If you don’t have facts is that what you usually do? Just make things up?

                    • felix

                      I wonder if the hairpiece knows that the no.3 on his “party” list won’t even pledge his vote.

                      Actually I wonder if the hairpiece knows about all the other utterly mental things his no.3 has written here…

                    • The Voice of Reason

                      Which bit did I make up? The bit where I said I didn’t think you’re a liar, perhaps?
                       
                      If I’m making it up, prove me wrong. Say that you will be voting for UF. Just say it once and I’ll quit teasing you. You were honest enough to say you would electorate vote tactically, that is, for a candidate other than yourself, so why can’t you be honest about the party vote?

                    • If you haven’t had any joy with ODT try Channel 9, they might ask me a tricky question for you in the interview tonight on the news.

                    • felix

                      Pete, if there’s a gap in TVOR’s logic you should probably point it out.

                      Otherwise it looks a bit like you know he’s right.

                    • It’s not a gap in your logic, it’s a gape.

                      I won’t tell him an answer which is both obvious and none of anyone’s business but mine and he thinks he’s onto some amazing gotcha.

                      Why not try something potentially useful instead? Like:
                      http://www.facebook.com/event.php?eid=193350660725611

                    • felix

                      So walk me through it. Because it’s not obvious from anything you’ve actually said.

                      ps you haven’t answered this either.

                    • Do you realise your stalk trolling drives people away from the blog? I see people saying that elsewhere anyway. I guess that’s your intention. Still, it can be useful for some things.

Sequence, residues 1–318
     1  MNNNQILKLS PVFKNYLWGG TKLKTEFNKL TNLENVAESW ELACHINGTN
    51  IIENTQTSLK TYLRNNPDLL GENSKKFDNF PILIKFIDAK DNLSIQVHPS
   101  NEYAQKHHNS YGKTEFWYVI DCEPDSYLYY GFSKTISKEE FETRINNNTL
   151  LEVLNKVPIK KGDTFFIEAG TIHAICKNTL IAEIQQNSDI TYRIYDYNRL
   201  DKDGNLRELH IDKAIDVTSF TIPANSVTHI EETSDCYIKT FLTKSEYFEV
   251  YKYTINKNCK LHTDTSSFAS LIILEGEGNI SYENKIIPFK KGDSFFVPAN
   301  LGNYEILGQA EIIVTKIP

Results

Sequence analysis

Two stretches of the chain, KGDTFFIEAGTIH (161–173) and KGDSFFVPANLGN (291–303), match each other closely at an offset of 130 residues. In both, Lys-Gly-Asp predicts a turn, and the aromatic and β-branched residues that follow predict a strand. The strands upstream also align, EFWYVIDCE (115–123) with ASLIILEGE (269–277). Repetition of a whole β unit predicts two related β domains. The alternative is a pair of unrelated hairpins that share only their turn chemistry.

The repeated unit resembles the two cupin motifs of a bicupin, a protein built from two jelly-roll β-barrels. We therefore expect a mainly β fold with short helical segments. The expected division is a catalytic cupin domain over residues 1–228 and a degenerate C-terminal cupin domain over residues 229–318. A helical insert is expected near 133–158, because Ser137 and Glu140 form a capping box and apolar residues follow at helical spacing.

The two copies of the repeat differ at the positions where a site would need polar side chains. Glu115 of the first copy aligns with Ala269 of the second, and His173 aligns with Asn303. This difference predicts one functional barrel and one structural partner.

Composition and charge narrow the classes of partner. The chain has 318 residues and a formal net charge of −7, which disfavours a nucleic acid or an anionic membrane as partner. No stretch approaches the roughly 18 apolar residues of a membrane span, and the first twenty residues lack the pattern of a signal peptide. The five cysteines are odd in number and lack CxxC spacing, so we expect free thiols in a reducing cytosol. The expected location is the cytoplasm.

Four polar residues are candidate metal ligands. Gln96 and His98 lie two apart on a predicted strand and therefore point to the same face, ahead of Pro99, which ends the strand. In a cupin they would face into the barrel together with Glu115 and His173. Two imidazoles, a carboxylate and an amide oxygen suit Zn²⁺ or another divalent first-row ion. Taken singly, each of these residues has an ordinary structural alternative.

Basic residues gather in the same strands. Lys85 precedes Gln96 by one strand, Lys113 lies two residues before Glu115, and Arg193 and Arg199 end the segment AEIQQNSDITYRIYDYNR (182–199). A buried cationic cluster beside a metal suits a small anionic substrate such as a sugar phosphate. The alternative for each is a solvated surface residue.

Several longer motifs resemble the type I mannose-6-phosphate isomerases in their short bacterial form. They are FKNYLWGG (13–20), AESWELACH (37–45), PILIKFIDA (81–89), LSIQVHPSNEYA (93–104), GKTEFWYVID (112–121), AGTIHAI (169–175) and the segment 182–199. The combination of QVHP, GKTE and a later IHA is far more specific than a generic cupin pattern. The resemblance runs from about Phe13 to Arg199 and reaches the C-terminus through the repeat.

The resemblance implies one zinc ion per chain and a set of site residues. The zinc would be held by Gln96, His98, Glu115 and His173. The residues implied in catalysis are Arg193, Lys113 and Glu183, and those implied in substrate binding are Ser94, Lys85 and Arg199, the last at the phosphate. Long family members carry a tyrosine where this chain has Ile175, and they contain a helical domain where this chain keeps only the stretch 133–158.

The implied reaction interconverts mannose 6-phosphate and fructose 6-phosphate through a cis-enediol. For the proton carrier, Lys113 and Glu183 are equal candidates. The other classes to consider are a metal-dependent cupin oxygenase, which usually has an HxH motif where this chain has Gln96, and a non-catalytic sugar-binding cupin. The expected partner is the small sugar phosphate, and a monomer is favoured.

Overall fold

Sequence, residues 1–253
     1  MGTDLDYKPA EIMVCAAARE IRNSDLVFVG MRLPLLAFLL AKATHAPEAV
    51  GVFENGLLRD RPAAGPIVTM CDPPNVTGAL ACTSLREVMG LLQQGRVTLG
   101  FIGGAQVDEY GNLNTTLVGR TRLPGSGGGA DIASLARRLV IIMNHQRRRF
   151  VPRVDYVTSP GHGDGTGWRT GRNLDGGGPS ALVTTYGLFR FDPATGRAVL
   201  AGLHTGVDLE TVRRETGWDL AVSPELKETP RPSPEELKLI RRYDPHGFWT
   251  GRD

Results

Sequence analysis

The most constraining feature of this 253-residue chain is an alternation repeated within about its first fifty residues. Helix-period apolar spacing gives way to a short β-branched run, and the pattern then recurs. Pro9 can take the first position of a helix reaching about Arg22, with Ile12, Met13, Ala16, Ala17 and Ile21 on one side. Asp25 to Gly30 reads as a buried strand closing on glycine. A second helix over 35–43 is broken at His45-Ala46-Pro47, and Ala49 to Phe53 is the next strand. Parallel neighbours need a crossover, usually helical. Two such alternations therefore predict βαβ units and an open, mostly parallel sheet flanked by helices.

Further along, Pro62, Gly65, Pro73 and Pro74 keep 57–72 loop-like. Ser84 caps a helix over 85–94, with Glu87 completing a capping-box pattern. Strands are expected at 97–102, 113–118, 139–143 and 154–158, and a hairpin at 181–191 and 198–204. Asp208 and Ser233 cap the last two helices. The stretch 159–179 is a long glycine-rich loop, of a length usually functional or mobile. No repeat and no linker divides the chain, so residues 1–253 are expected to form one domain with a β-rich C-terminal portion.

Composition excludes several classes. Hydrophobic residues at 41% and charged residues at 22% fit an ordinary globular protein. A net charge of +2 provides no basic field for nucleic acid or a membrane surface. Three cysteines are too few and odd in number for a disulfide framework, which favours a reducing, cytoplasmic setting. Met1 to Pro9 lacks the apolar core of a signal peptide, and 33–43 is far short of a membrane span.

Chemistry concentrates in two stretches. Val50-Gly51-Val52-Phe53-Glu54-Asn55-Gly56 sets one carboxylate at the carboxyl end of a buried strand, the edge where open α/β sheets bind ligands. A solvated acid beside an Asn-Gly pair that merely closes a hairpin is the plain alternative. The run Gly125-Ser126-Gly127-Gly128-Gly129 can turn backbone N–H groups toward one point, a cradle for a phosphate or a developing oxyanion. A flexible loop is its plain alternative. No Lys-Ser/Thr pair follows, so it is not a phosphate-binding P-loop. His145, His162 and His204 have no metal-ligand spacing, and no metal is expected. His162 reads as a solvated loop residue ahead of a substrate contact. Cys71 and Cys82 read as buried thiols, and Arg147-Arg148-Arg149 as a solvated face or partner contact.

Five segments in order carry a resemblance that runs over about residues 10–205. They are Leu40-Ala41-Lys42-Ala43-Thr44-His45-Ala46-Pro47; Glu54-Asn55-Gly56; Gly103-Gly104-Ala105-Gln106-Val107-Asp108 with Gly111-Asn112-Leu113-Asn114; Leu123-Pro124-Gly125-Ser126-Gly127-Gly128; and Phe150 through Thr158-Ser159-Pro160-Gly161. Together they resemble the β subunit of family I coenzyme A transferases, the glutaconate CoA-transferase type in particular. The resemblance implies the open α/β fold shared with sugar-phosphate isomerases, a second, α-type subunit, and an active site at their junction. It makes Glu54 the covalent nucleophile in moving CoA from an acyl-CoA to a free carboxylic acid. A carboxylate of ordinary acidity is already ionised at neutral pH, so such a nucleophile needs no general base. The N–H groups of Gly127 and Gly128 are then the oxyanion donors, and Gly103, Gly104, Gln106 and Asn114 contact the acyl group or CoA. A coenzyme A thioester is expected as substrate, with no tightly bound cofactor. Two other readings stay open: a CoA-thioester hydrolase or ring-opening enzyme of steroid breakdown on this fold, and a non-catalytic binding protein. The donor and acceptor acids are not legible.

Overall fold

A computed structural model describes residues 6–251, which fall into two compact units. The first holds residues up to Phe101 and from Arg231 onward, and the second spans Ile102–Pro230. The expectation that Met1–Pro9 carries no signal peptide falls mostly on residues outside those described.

• lprent []

                      It doesn’t make any significant difference from what I can see with the steadily rising numbers of page views, visitors, and comments. Ummm comments are at 312,159. Looking at the all-time top commentators

                      1. Colonial Viper (9,080) Hot damn – talk about talk….
                      2. Felix (7,743)
                      3. lprent (7,741)
                      4. Draco T Bastard (7,416)
                      5. Pascal’s bookie (6,271)
                      6. r0b (5,249)
                      7. burt (4,377)
                      8. Lanthanide (4,168)
                      9. mickysavage (3,751)
                      10. Ianmac (3,555)
                      11. Lew (3,424)
                      12. Bill (3,369)
                      13. higherstandard (3,340)
                      14. RedLogix (3,316)
                      15. BLiP (3,292)
                      16. vto (3,019)
                      17. prism (2,913)
                      18. RANDAL (2,810)
                      19. Steve Pierson (2,644)
                      20. the sprout (2,635)
                      21. Robinsod (2,448) I always has a soft spot for robinsod, and he made felix look positively benign – which is why I banned him so many times…

                      Anyhow, Felix accounts for 2.48% of the comments since April 2008 so I suspect that his ascebic ways haven’t driven too many people away. My notes say that we had barely 30k page views that month, now we have (even in the winter depths) 10x that.

                      I haven’t noticed a diminution in quality since then – in fact the opposite has been the case since we got rid of some of the more boring trolls.

                    • Bored

                      Never heard that term Pete “stalk trolling”.Cool term, implies you are being stalked by a stalk troller….which implies…

                      I have more pressing questions like, “Is Dr Greg diminishing the average horsepower output of Clydesdales?”

                    • felix

                      Stalk trolling. lol. Don’t like having your ideas questioned, do you Pete? I guess that’s why you think government would be so much better without opposition.

                      Why won’t you answer the question, Pete? You found my answers to the inverse but equivalent question relevant, and TVoR’s too.

                      So why not yours? Are you special? Are you better than us?

            • McFlock 1.1.1.1.1.2

              “UF doesn’t have influence, it has a single, easily bought vote.”
               
              Funnily enough, even its own candidates can’t be sure of their own vote, they’re so middle-of-the-road.